Tech, health push stocks higher
U.S. stocks couldn’t hang on to a big gain Wednesday, but they still finished broadly higher as technology and health care companies rose. That helped reverse some of the market’s big losses from the week before.
Stocks initially rallied after the Wall Street Journal reported that China’s government could make changes to its “Made in China 2025” economic development plan. That could be one step toward easing dispute between the world’s two largest economies. The Dow Jones Industrial Average surged as much as 458 in morning trading, but gave later back much of that gain.
After taking steep losses at the end of last week, stocks have gyrated this week: on Monday they rallied to erase a big early loss, while on Tuesday a big morning gain turned into a small decline.
On Wednesday, most of the day’s gains evaporated in the afternoon. The hour-to-hour changes reflect investors’ nervousness about the health of the global economy: economic growth is expected to slow in 2019 and the U.S.-China trade dispute and rising interest rates could both make that slowdown more painful. Sonders said investors overlooked those threats for a time, but can’t ignore them anymore.
Va. rail carrier to move HQ
Railroad company Norfolk Southern Corp. is moving its headquarters from Norfolk, Va., to Atlanta, bringing with it 850 jobs and more than $500 million in economic investment, Georgia Gov. Nathan Deal announced Wednesday.
Records from Atlanta’s economic development authority indicate the company proposes construction of a new headquarters campus with 750,000 square feet of office space in the city’s Midtown area.
The move reflects a broader trend among larger companies that are moving to major cities for their deeper pools of talent, busier airports and other amenities that attract skilled workers.
Robert McNab, an economics professor with Old Dominion University in Norfolk, said Norfolk Southern’s decision reflects the same qualities online retailer Amazon was looking for while scouting locations for its second headquarters. Similar moves have been made by Caterpillar from Peoria, Ill., to suburban Chicago.
Norfolk Southern’s railroad subsidiary operates in 22 states, including South Carolina, and the District of Columbia, transporting freight that includes automotive and industrial products and coal. It says it serves every major container port in the eastern U.S.
US consumer prices flat in Nov.
U.S. consumer prices were unchanged in November, the best performance since prices actually fell eight months ago. The docile inflation reading reflected a big drop in the cost of gasoline and other energy products.
The Labor Department said Wednesday that the unchanged inflation reading last month followed a 0.3 percent jump in prices in October. It was the lowest reading since consumer prices actually fell 0.1 percent in March. Core inflation, which excludes volatile energy and food prices, rose 0.2 percent in November.
Over the past 12 months, consumer prices have risen 2.2 percent and core prices are also up 2.2 percent. That performance is close to the Federal Reserve’s 2 percent target for annual price gains and indicates that inflation remains well-behaved.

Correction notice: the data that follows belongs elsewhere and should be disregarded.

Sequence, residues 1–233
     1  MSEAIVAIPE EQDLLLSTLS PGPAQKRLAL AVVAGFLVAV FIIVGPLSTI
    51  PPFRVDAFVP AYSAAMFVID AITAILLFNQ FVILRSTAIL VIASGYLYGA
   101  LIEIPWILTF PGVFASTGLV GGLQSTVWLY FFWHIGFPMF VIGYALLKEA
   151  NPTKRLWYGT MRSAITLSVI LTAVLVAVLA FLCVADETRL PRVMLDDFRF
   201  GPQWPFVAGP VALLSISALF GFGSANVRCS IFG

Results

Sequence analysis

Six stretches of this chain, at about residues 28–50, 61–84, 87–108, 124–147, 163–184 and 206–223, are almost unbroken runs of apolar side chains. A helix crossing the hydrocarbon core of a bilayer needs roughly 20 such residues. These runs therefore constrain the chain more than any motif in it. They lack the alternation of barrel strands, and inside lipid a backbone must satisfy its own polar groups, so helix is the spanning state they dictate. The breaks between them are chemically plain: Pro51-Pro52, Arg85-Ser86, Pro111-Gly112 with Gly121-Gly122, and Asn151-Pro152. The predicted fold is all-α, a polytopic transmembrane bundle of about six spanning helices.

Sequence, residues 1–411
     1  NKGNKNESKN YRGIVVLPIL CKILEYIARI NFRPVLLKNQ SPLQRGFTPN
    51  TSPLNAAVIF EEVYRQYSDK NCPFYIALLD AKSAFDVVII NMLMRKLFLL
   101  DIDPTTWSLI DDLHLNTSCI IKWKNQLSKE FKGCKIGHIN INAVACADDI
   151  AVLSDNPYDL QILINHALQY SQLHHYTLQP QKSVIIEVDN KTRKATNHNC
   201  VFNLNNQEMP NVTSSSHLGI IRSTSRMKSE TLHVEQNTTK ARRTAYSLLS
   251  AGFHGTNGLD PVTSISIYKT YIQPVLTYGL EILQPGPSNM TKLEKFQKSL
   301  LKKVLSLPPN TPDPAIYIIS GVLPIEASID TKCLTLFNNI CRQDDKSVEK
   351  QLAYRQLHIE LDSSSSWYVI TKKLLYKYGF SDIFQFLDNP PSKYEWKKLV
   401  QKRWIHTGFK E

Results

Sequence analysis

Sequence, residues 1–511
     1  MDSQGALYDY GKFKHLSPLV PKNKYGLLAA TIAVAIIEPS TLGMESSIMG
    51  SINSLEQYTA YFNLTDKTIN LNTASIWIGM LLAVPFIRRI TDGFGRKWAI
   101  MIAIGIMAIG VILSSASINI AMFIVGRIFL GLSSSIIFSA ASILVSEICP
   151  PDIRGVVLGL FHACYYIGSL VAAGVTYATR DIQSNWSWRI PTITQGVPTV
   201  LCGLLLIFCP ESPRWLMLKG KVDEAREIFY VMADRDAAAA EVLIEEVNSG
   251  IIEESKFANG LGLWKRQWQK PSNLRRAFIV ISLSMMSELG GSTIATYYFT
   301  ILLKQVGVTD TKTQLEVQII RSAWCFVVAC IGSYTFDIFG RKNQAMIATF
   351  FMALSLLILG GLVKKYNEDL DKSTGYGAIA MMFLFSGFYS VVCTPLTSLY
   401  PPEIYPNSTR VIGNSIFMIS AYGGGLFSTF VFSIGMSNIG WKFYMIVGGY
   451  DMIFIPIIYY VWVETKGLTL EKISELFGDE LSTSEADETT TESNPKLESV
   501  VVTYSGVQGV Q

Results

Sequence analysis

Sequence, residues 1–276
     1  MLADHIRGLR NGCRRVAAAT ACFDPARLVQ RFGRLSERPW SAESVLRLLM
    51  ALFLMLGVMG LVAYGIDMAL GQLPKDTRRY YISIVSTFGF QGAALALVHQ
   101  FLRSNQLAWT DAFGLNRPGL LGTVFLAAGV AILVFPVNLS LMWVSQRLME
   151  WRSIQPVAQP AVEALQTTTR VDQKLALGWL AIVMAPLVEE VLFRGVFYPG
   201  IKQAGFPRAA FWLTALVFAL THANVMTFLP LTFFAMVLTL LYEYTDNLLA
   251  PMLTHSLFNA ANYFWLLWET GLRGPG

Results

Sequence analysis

Old Bay mixes it up in spice spat
BALTIMORE – A clash of seasonings is looming in federal court, as Maryland’sOld Bay seeks to protect its trademark in a lawsuit against another spice blend, New Bae.
The Daily Record reports Old Bay maker McCormick & Co. sued this week to stop Pittsburgh-based Primal Palate from using the “New Bae” name.
The paleo diet-centered Primal Palate launched New Bae as an organic blend in October 2017, touting its suitability for crab legs, fries and Bloody Mary drinks. McCormick asserts Primal Palate has used taglines like “Out with the Old, and in with the NEW” to capitalize on Old Bay’s “fame and goodwill.”
Primal Palate co-founder Bill Staley told the newspaper in an emailed statement that New Bae’s name was a “nod” to Old Bay, but is “designed to suggest a difference.”
Tencent shares rise on 1st trading day
NEW YORK – Shares in Chinese streaming music giant Tencent Music Entertainment rose nearly 8 percent to $14 on Thursday, their first day of trading.
The company’s initial public offering of 82 million shares, which was priced at $13 a share, is expected to raise between $1.07 billion and $1.23 billion. The stock is listed on the New York Stock Exchange under the “TME” symbol.
A little more than half of the shares are being offered by the company, with the remainder being offered by shareholders.
Tencent said earlier this year it had more than 800 million users, including 23.3 million subscribers to its music library.
Tencent, whose shareholders include the leading music streaming service Spotify, earned $199 million on revenue of $1.66 billion last year.
Spotify went public in April.
Audi’s interim boss gets top job
FRANKFURT, Germany – Volkswagen’s Audi division has named acting head Bram Schot as the luxury brand’s permanent boss after his predecessor was jailed.
Schot took over on an acting basis in June after Rupert Stadler was jailed while prosecutors investigate possible illegal manipulation of diesel engine emissions. Stadler has since left the company.
Schot, 57, was acting CEO along with his duties as marketing head at Audi, which also oversees the Volkswagen Group’s Lamborghini car and Ducati motorcycle brands.
Volkswagen Group CEO Herbert Diess, who also heads Audi’s board of directors, said in a statement Wednesday that with his new mandate Schot would “further accelerate the transformation of the enterprise.
This article provided by NewsEdge.